Our 2017 Mexican Crocodile Expedition in a Nutshell:
Spectacular! Great diving and consistent, world class crocodile encounters all day, everyday.
We nailed it again this year in Mexico. Before the trip, I was concerned about Hurricane Harvey. That enormous low pressure system threatened to tear right through the Yucatan, dashing any hopes we had of reaching Chinchorro.
Playing it safe, the Mexican coast guard sent an evacuation order to the fishermen in Chinchorro so they all raced back to the mainland. But, on our first scheduled crocodile day, the weather seemed fine so the port captain told us we could go over to Chinchorro as long as we remained ready to run if the weather deteriorated. Immediately, we eagerly set sail for the deserted fishing camp.
The lack of fishermen for a few days meant that the crocodiles were extra hungry; they normally eat the scraps when the fishermen clean their catch. So, as soon as we arrived the crocs came swimming out of the mangrove to our little hut on stilts. And they were ready to pose whenever we jumped in the water for the whole three days that we were there.
On that first day, the edge of Harvey did start to look a little menacing but other than a lot of rain that day, we didn’t have any serious issues. The rain kept the bugs at bay and the overcast skies made for some interesting moody shots that I haven’t been able to get before.
We split into three groups and rotated every twenty minutes so that everyone got lots of croc time. By the time each group of two dried off and had a drink, it was time to get back in so no one had a chance to get bored. Plus, it was fun just watching the action from the surface.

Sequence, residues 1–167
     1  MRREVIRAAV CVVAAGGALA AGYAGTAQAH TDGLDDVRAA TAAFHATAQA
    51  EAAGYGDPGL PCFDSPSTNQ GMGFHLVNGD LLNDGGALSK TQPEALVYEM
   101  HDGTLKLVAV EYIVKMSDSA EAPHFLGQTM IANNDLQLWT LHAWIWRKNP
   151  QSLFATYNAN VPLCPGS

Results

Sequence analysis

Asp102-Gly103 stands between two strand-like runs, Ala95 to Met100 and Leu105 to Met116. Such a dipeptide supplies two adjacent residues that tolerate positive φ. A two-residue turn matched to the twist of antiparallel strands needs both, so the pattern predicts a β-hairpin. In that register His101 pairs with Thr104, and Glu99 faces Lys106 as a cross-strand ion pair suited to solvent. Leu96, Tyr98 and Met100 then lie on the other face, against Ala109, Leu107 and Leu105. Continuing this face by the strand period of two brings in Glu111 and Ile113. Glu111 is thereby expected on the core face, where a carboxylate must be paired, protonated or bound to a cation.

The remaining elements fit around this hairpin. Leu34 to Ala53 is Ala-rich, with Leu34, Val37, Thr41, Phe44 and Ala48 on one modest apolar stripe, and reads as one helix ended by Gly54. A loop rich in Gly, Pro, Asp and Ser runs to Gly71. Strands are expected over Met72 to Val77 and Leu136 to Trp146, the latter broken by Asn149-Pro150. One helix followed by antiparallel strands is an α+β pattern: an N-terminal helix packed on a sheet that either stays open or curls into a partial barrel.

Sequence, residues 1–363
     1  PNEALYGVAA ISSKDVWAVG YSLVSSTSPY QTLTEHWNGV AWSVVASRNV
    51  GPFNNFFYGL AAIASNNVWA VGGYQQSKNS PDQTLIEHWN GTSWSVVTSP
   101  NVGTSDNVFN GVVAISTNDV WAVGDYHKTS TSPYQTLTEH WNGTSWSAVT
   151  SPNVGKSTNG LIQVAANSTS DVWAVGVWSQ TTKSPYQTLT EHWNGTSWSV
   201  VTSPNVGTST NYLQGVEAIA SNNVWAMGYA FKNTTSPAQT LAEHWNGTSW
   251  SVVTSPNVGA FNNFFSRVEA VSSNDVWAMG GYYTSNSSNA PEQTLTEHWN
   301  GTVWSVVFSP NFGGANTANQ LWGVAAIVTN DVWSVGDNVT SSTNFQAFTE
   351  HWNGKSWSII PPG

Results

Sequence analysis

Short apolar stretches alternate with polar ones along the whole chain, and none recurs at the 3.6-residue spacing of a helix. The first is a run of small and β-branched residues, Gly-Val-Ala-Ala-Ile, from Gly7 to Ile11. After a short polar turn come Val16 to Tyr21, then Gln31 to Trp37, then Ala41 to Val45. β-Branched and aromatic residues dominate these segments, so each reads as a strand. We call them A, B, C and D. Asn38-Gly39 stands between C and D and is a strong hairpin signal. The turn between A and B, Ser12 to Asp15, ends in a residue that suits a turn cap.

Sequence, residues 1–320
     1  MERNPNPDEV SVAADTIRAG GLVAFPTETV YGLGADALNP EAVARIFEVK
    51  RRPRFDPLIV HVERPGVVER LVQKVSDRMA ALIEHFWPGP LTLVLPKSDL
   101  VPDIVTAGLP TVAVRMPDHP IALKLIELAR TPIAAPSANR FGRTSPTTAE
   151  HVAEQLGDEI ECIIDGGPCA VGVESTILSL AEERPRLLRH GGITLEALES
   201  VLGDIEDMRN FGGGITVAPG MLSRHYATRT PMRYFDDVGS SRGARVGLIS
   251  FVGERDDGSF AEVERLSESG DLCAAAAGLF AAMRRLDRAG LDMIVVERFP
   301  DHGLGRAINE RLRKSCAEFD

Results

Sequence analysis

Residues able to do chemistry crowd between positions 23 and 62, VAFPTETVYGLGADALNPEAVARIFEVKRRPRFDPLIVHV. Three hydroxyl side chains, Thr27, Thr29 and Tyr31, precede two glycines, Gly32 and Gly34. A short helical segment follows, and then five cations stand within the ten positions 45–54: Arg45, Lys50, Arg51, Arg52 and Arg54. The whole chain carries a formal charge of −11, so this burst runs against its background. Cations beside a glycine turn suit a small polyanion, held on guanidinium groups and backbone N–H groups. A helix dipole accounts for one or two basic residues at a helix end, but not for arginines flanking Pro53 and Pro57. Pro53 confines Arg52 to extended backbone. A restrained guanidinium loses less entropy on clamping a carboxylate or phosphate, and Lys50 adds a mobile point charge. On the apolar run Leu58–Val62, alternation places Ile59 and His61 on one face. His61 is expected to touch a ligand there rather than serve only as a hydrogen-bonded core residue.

Each morning, we went diving on Chinchorro’s pristine reefs. We did this partly because it would be a crime to miss such lush diving and partly so that our dive masters could collect lionfish; invasive fishes that cause havoc to local ecosystems but are considered rather tasty by humans and crocodiles alike!
After the morning dip, we went back to our main task of snorkeling with crocodiles. We only had three at most at the same time, a good thing when you have to keep your eyes on all of them at once.
Once I had nailed some nice split shots of crocodiles, I asked each guest in turn to join me in the water for a souvenir shot that they could remember the trip by. The crocs sat patiently in position while I photographed each guest in turn.
Once the sun started to set we retired to the safety and comfort of the luxurious Chateau Chinchorro! 🙂
The fishermen’s shack may be a little primitive but the food and company were both excellent!
As usual, I was looking for a new photographic angle that I hadn’t seen before. When the encounters are consistent, thats great for everyone to get their shots but it doesn’t lead to creativity. Fortunately, this year our croc wranglers provided me with some awesome opportunities to photograph the crocs lunging out of the water. Luckily, I didn’t screw up the shoot as you can see from this dynamic shot of a breaching 8ft long American Crocodile.
After three days it was time to head back to the mainland but our trip was not over. We always schedule a day of diving in Xcalak as a contingency against bad weather. So on our last day, we dove on some lovely reefs with schooling tarpon and looked long and hard for manatees. We did find one rather shy manatee and briefly snorkeled with it between dives. Good fun if only for a few seconds 🙂
Before we knew it, it was time for a final group shot and the ride back to Cancun. Personally, I was sad it had ended but I am looking forward to coming back next August for another season with the crocodiles.
We all came home with epic tails (or tales) to tell 🙂